Simply Resourceful

Simple ways to be more conscious about how we use our resources.

Homemade Shampoo

Another step to simply my life and make it more chemical-free, I decided to make my own shampoo.  Surprisingly I found a lot of information about this, here's the recipe I decided to use:

Shampoo Recipe:
·         One quart water
·         Herbs
·         4 ounces castile soap flakes
Bring the water to a boil. Turn off the heat and pour over herbs.  Steep at least 20 minutes.  Strain herbs & pour tea over the soap flakes. Stir until the soap flakes dissolve. Once the mixture has cooled, store it in a bottle.

On the left is 4 ounces of shredded castile soap.  Shredding the soap is important because it will dissolve easily in the water.  On the right is 4 grams of lavender which was about 1/8 cup.  Most recipes I found didn't specify how much herbs to use so I used up all the leftover lavender from 3 years ago.  In the end, I found it to be the perfect amount. 

I forgot to take a picture of the next step, but it's pretty straight forward: pour boiling water over the lavender flowers.  After the lavender steeped in the boiling water for 20 minutes, I strained out the lavender buds using a funnel with a cloth filter.  A strainer would do just fine, but I don't have one. 

 After the lavender buds are strained, I add the shredded castile soap.  Notice I am using a wooden spoon to help dissolve the soap.  This is the same wooden spoon I use for making soap--it is not used for food.  If you don't have a designated wooden soap spoon, then I suggest using a plastic or metal spoon. 

Once all of the soap flakes are dissolved (be patient, this make take 15 minutes), pour into containers.  I used empty bottles I had in the cupboard.  I would like to use glass instead of plastic but I have this horrifying image of broken glass in the batch tub.  Homemade shampoo has a water consistency at first, but give it a few weeks and it will thicken up.  In the meantime though, use a small plastic cup (I used the cap from a Pepto Bismol container), fill it up half way, and then dump it over your head.

How well does it work?  GREAT!!  I was able to use this homemade shampoo for a couple months before I needed a boost of Nature's Path brand every 2 weeks.  The homemade stuff doesn't thoroughly strip the hair like the commercial stuff, so I need an extra boost every now and then.  And for those who are curious,  I take a shower every other day.  

What about homemade conditioner?  Don't worry, I will be making that once my store-boughten bottles are gone.  Stay tuned!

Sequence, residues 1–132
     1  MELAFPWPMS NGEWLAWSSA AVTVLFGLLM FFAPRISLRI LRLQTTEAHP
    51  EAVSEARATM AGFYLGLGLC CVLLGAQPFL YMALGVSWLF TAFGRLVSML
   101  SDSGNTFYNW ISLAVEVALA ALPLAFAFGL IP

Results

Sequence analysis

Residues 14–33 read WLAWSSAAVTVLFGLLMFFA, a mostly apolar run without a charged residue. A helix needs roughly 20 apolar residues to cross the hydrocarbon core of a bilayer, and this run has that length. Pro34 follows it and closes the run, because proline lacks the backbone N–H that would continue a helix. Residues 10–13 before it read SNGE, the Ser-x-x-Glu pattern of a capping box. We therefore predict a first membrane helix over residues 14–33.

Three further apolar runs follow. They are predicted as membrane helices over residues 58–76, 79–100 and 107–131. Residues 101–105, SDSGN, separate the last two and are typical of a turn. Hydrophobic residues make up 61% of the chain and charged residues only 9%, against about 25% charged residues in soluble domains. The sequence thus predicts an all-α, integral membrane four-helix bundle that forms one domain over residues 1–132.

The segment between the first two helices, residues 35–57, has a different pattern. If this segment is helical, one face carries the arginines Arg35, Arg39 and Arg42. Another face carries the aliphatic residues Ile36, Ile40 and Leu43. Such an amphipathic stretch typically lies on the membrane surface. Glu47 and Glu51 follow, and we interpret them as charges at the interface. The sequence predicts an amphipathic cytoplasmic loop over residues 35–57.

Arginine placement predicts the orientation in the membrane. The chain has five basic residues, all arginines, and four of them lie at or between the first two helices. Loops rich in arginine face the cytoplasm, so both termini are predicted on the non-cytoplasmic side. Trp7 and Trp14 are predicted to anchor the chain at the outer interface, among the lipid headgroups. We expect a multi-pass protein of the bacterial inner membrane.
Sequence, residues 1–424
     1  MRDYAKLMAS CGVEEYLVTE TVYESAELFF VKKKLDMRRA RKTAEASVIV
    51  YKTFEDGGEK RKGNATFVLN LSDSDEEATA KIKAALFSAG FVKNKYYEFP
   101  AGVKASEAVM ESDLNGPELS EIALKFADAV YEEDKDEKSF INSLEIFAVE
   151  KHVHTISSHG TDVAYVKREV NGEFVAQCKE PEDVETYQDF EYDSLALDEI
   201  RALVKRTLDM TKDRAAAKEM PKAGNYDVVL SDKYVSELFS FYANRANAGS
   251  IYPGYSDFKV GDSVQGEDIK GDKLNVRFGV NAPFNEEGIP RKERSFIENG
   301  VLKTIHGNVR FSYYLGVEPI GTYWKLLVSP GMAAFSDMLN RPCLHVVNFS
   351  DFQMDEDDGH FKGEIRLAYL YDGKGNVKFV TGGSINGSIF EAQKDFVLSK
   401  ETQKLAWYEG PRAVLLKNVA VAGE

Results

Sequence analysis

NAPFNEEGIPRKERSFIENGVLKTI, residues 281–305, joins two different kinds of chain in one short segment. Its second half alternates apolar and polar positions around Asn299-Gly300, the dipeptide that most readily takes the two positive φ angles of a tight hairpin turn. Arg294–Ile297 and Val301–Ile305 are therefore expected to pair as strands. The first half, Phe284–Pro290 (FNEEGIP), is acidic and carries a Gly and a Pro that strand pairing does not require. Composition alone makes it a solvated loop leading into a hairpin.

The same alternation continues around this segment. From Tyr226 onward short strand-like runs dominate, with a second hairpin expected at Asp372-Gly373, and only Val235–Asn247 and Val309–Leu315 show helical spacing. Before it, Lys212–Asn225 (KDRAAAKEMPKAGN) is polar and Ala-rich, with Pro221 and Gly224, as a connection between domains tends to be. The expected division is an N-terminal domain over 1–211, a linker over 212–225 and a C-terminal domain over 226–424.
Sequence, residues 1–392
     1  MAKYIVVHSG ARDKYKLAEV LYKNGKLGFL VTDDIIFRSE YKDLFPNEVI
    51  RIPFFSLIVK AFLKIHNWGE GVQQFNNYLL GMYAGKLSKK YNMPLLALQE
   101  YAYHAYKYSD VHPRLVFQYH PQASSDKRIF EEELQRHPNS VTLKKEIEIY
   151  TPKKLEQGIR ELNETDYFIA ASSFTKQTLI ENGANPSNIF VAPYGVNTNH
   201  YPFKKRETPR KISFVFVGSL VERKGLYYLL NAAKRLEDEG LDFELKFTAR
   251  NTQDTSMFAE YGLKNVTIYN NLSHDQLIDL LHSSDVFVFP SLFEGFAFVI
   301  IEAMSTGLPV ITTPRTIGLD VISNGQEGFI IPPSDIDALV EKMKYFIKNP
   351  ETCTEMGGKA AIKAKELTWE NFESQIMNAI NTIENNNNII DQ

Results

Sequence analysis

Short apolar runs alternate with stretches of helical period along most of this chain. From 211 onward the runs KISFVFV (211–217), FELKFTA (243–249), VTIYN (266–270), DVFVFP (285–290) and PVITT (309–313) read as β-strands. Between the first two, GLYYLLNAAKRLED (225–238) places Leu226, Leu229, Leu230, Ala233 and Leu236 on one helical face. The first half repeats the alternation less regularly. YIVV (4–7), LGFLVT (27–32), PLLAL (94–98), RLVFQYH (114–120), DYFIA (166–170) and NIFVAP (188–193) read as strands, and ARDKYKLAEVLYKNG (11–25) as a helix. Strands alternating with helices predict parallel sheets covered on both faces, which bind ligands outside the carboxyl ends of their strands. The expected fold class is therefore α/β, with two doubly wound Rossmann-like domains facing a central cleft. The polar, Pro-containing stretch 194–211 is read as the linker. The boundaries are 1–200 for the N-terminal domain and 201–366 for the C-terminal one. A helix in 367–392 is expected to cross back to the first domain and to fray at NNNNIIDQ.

Below are different hair types and recommended herbs to use:
Normal Hair: Horsetail, red clover, crushed lavender flowers, rosemary
        -if blond:  chamomile & marigold
Oily: Rosemary, mint, nettle leaves, sage, crushed lavender flowers, indigo root, burdock, tea tree leaves, lemon grass, orris root, comfrey leaves
       -add to shampoo base: jojoba oil
Dry: Comfrey root or leaf, red clover, crushed orange flowers, crushed lavender flowers, elder flowers,
        -add to shampoo base:  jojoba oil  
        -if blond: chamomile & marigold
Light Hair: Use light colored herbs like marigold & chamomile,
Dark Hair: Rosemary
Gray Hair: Nettle, sage, rosemary, plus any herbs recommended for your hair type
Make hair bright: Chamomile
Make hair shiny: Rosemary
Hair loss: Rosemary, crushed lavender leaves, tea tree leaves, sage, nettle, basil
Dandruff: Nettle, comfrey leaves, birch and/or white willow barks, peppermint, lemongrass


Dedi November 17, 2011 at 5:51 PM  

So glad you left you blog address on the email. I have been saving bottles for a few years intending to try making my own soaps and lotions. This past summer I grew bunch of herbs for this purpose. And, now, thanks to you I have a recipe without having to wade through all the online ones. Thanks.
Maya's mom

Moon Mama May 4, 2012 at 8:09 AM  

Great recipe! We usually buy our bar shampoo soap from Lush but we'll be trying this one soon.


About this blog

A weekly update on our adventures of trying to be more self-sufficient by using resources wisely. We explore a variety of topics that most broadly fit in the "Homesteading" category, i.e. beekeeping, organic gardening, edible landscaping/fruit forest, food preservation/canning, woodworking, soap-making, and environmental stewardship.

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